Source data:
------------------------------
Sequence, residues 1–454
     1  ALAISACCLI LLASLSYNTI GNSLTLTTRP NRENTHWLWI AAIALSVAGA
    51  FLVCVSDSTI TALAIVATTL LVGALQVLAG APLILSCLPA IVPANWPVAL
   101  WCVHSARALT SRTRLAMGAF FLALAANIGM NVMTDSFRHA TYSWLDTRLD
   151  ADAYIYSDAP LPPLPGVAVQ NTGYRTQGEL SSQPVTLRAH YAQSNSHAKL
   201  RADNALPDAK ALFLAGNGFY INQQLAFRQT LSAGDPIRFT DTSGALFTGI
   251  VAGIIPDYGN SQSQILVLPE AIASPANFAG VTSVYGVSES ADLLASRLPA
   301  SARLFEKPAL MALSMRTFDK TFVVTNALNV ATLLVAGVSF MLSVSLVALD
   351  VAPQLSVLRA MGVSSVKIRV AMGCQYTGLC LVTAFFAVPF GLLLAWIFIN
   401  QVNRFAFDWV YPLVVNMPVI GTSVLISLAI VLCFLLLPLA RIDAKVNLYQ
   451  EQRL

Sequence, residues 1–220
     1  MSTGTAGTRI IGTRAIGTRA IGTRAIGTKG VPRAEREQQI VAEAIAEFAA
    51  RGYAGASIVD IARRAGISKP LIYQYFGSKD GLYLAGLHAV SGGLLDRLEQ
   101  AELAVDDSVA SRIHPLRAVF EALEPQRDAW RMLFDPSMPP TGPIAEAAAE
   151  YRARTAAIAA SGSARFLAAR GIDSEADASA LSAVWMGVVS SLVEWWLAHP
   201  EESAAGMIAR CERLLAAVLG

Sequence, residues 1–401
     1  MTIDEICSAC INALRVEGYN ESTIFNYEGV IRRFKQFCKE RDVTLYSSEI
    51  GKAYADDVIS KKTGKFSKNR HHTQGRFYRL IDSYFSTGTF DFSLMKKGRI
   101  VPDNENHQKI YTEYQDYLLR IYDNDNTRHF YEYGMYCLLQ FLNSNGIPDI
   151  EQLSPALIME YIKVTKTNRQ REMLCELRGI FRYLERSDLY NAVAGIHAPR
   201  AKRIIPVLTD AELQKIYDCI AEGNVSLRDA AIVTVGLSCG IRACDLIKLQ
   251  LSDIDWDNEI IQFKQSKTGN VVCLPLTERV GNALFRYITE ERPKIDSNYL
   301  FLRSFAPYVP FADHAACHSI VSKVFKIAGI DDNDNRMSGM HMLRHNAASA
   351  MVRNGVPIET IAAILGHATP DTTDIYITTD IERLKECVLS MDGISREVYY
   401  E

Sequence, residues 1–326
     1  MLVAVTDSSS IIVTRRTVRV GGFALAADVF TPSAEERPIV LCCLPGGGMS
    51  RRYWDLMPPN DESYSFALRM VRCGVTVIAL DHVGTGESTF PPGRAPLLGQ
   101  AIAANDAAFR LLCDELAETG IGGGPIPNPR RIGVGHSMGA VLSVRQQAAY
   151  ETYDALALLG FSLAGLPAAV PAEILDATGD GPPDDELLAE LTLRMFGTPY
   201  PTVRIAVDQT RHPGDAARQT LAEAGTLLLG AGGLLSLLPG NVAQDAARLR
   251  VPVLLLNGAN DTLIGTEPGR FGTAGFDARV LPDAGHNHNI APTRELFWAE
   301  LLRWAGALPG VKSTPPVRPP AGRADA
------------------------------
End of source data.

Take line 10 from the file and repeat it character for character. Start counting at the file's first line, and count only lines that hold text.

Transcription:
   401  QVNRFAFDWV YPLVVNMPVI GTSVLISLAI VLCFLLLPLA RIDAKVNLYQ